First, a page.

Ankara is seeking to review gas supply contracts and reduce its cost after its new discovery in the Black Sea, and experts believe that it has several papers to pressure in order to achieve its goals.
In a report published by the Russian “News Re” website, Russian journalist Mikhail Kalmatsky surveyed the views of a number of experts on Turkey’s ability to pressure Russia to review gas prices and obtain more cuts in the coming period.
Experts believe that the newly discovered reserves in the Black Sea are not sufficient to turn the equation and impose new cuts on the Russian side, but Ankara has other cards in return to get what it wants.
It is noteworthy that Turkish President Recep Tayyip Erdogan announced last August that his country had discovered the largest gas field in its history in the Black Sea, and the exploration vessel “Fateh” discovered 320 billion cubic meters of natural gas reserves in the “Tuna” well.
The statements of Turkish officials reflect – according to the writer’s opinion – a strong desire of Ankara to review contracts, although the process of developing the field that was announced recently discovered is still in its infancy, but it has begun to exploit this paper and has hinted to gas suppliers the need to reduce prices.
Turkish Minister of Energy and Natural Resources Fatih Donmaz said in this context that the supply agreements include clauses that allow for consultations and negotiations on reviewing prices.
Donmaz indicated that the recent discovery of gas in the Black Sea will enable Turkey to reduce customs duties and reduce the current import cost.
In turn, Turkish Minister of Treasury and Finance Barat Albayrak stated that the discovered field will allow his country to buy gas from abroad at a 30% cheaper price compared to its previous price.
But Igor Yushkov, an analyst at the Russian National Energy Security Fund, believes that Turkey overestimates the possibilities of benefiting from the discovered field in the Black Sea. In this context, he says that “the reserves that have been found and announced by the Turkish leadership are not very large, even with the start of the field’s development. Gas supplies can only be expected after 5 to 7 years, and with low energy prices, Ankara is unlikely to do so at all.
And Alexander Frolov, Deputy Director General of the Russian National Energy Institute, believes that Turkey does not yet have a comprehensive study of the project to extract gas from the Black Sea, and has no idea about the feasibility of developing this field.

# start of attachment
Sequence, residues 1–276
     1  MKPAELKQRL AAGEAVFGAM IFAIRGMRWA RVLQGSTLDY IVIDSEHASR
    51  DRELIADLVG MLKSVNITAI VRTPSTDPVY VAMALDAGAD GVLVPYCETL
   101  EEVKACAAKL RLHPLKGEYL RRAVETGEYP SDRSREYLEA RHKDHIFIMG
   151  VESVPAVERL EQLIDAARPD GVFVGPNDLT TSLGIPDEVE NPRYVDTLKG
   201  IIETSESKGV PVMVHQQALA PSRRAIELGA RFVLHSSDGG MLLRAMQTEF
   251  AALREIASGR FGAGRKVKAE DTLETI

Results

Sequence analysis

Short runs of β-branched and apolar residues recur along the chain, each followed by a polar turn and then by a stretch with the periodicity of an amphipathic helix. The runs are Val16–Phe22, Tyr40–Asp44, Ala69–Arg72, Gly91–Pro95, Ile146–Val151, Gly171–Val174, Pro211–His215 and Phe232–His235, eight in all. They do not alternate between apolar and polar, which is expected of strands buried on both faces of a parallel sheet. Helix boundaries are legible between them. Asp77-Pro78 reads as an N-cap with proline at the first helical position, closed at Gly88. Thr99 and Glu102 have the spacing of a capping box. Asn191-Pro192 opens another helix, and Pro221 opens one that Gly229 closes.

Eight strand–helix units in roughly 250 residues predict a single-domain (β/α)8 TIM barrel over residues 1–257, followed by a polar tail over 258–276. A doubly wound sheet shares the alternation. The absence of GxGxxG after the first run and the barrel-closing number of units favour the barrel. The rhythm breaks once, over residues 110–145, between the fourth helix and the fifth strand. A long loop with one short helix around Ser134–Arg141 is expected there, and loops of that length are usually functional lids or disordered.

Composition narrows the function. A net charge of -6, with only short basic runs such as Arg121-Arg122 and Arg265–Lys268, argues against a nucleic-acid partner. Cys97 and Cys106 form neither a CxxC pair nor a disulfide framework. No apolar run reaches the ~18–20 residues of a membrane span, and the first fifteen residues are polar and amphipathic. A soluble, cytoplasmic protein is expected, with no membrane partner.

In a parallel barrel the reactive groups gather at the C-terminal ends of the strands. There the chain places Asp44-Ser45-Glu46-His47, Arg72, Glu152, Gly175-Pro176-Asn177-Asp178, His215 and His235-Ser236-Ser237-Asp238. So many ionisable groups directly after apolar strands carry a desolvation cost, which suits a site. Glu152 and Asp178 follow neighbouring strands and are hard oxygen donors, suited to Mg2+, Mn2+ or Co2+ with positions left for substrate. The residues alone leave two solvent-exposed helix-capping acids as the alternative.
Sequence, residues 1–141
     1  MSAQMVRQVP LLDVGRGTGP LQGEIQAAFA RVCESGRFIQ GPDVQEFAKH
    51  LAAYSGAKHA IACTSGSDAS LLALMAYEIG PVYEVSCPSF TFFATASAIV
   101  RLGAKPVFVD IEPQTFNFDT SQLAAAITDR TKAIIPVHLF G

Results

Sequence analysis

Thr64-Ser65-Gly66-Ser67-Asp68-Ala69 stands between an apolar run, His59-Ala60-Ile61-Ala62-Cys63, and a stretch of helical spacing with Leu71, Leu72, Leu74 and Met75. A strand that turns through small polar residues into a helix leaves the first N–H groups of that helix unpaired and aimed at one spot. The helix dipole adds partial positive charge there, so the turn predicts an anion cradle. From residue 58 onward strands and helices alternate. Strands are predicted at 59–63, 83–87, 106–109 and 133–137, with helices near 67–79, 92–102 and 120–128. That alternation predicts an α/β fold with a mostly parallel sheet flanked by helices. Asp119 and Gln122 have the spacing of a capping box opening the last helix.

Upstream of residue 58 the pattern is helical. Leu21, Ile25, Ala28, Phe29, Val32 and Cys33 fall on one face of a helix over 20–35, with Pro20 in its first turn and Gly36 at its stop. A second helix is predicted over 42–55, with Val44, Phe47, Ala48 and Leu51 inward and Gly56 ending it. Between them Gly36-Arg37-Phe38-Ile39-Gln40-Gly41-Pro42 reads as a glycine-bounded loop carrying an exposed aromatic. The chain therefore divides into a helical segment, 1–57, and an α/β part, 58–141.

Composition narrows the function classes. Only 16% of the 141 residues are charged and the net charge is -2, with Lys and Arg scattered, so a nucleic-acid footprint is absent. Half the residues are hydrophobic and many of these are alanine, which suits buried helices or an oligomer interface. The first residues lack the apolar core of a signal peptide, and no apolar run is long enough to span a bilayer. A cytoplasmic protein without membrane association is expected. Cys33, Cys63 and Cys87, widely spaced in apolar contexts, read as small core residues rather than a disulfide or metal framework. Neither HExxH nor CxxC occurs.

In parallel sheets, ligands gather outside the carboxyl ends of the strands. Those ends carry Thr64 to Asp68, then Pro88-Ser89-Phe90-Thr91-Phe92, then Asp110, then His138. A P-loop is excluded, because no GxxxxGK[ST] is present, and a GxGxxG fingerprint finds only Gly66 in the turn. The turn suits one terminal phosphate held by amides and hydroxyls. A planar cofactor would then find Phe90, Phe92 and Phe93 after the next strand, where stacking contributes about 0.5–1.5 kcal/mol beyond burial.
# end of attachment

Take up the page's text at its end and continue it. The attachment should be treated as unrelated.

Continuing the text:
On the other hand, Joshkov stresses that Turkey has other papers that enable it to conclude new contracts on better terms for the supply of Russian gas, the most important of which is the start of gas supply operations from Azerbaijan since last year through the “Trans-Anatolian Gas Pipeline”, as well as developments in the natural gas market. Liquefied globally.
And Turkey has already succeeded in recent years in reducing the value of gas contracts, and has won more than one price dispute with Russia, as the writer says.
Economic expert Maria Belova stated that over the past ten years, the Russian contracts for the supply of gas to Turkey have been amended several times, for example Turkey in 2010 got a 10% reduction, and in 2014 after a significant drop in global oil prices, Turkish private companies got On cuts under its contracts with Russian Gazprom.
Belova added that in light of the current decline in oil and gas prices, Turkey is likely to get new cuts.
For his part, Alexander Frolov believes that there are no preconditions currently calling for Russia to reduce the prices of gas exported to Turkey, especially since Ankara previously obtained a discount on gas supplies that pass through the Turkish Torrent pipeline.
The author notes that the Russian gas supply to Turkey has decreased significantly this year, and according to the Turkish Energy Market Regulatory Authority, 4.68 billion cubic meters were imported from Russia in the first half of this year, 41.5% less than the same period last year.
Joshkov believes that the main reason for the decrease in Russian gas supplies to Turkey is the high price compared to other suppliers.
Belova asserts that in light of the decrease in the volume of Russian gas supplies to Turkey, the termination of Gazprom’s contract with the Turkish state-owned Potas company, and a number of private Turkish companies to supply 8 billion cubic meters by the end of 2021, the need to review contracts and extend at least part of them appears.
Turkey imports more than 90% of its oil needs from abroad, which puts it at the top of the list of countries that consume the most expensive types of fuel in the world, as the Turkish energy import bill is about 40 to 45 billion dollars annually.